“It seems that I’ve been here before; I can’t remember when…” —Quoted material by Harry Chapin
ROLLING FORK — It has now been almost exactly eight years since I first saw the list of individuals pardoned by former Gov. Haley Barbour on his way out of office, a list that contained the name of Charles Hooker.
We did not know each other, and yet, we shared a history, Charles Hooker and I.
A school teacher by trade, 20 years earlier Charles Hooker had been sentenced to life in prison for the needless killing of a childhood friend of mine, Walter Johnson.
Walter and I had grown up together in the hamlet of Coahoma and we shared interests in music and basketball. He’d play a fair blues guitar and I would sing along with lesser skill at his house and we’d shoot hoops and drink Cokes in my back yard. He was black and I was white and such friendships were not run-of-the-mill in the mid-1960s, but fact was, we just liked each other.
From the first time we met, something had just clicked. Friendships are funny like that.
Later in life, he’d made his place and I’d made mine but we still were more apt to meet with a hug than a handshake and though Charles Hooker was convicted of killing him, I never for one moment believed he did.
Somebody killed my friend, all right, but it wasn’t Charles Hooker. Or, at very least, the state of Mississippi didn’t prove such.
As I wrote in the Clarksdale newspaper following a preliminary hearing in 1991, “Fans of the Barney Fyfe School of Criminal Investigation might greatly appreciate the one conducted into the death of Higgins Junior High School Principal Walter Johnson. I am not among them.”
Walter was found shot dead in his car on a country road not far from Clarksdale with the first investigator arriving there about an hour after the crime was first reported. What happened thereafter would make a manual for how not to investigate one:
• Two blond hairs discovered on the dead principal’s lips were somehow “lost.” Hooker is a black man with black hair.
• The contents of a beer can in the car were poured out, along with any saliva which might have been analyzed.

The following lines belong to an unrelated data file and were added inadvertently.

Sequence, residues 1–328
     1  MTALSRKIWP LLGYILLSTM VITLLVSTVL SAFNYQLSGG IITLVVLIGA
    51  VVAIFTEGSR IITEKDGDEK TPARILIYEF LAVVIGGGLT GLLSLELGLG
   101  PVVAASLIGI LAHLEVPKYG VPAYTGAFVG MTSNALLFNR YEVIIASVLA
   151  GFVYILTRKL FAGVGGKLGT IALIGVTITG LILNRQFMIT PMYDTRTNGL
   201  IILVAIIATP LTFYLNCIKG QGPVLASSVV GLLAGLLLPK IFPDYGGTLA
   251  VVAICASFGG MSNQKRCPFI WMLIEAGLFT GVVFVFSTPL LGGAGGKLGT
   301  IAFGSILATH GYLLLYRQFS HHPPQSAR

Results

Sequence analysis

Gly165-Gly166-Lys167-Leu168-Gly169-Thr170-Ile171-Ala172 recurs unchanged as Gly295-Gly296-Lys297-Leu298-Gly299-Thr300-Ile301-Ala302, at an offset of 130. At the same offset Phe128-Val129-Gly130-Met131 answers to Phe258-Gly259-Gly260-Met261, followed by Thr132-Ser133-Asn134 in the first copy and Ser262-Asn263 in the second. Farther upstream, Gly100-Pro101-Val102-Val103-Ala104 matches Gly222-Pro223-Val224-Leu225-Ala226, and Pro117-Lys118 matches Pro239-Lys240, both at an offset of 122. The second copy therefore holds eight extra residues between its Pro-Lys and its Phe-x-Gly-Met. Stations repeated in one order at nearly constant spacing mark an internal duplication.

• Walter’s body was moved within the car and then the car itself was moved.
• The “murder weapon,” a pistol Hooker voluntarily handed over to police a week later, was never fingerprinted.
• None of the shell casings in Walter’s car were ever fingerprinted.
• A “pink Kleenex” found on the ground outside the car was deemed insignificant and never tested for what might have been on it.
Then came the trial, a trial which was about as bizarre a one since that of Franz Kafka’s fictional nightmare.
After four days of testimony in which Hooker received a good defense from a good then young lawyer who is now a circuit judge, and with no predicate in testimony, the jury was given a “ringer” of an instruction from the then presiding circuit judge.
Although Hooker had been indicted for murder and tried for murder, the jury was told it had to also consider whether Hooker had killed Walter “in concert with” or “aiding and abetting” any other human on the planet in so doing — in other words, conspiracy.
From its deliberations, the jury sent out a note asking just exactly what that meant, saying that its members did not understand the instruction involving conspiracy, but they received no clarification from the bench and were ordered only to continue deliberating.
And so, some hours later, and to the amazement of most veteran Coahoma County criminal justice observers, Charles Hooker was convicted by that jury of murdering Walter Johnson.
It wasn’t fair. It wasn’t right. In no way was justice served. But then again, as the great Chief Justice of the Supreme Court Oliver Wendell Holmes once reminded a young attorney seeking it for another client, “this is a court of law, young man, not a court of justice.”
And, at least in matters of crime and punishment, late is better than never. In what baffled and angered so many people 28 years before, a man was found guilty of a crime that he almost certainly did not commit and with the stroke of a gubernatorial pen, he was pardoned of it.
So, was justice served at last? You decide. Somebody killed Walter Johnson. Somebody murdered my friend. And if not Charles Hooker, then who?
“All my life’s a circle and I can’t tell you why. The seasons come around again. The years go rolling by.”
Ray Mosby is editor and publisher of the Deer Creek Pilot in Rolling Fork.